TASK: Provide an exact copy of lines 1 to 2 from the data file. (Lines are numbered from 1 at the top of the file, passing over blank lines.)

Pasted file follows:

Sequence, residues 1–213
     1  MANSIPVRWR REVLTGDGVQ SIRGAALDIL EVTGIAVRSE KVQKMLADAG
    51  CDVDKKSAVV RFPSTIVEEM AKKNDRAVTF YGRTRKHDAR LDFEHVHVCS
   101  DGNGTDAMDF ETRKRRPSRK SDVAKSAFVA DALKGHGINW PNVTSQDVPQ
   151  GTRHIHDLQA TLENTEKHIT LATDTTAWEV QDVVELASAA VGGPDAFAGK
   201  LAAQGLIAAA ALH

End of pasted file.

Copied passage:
Sequence, residues 1–213
     1  MANSIPVRWR REVLTGDGVQ SIRGAALDIL EVTGIAVRSE KVQKMLADAG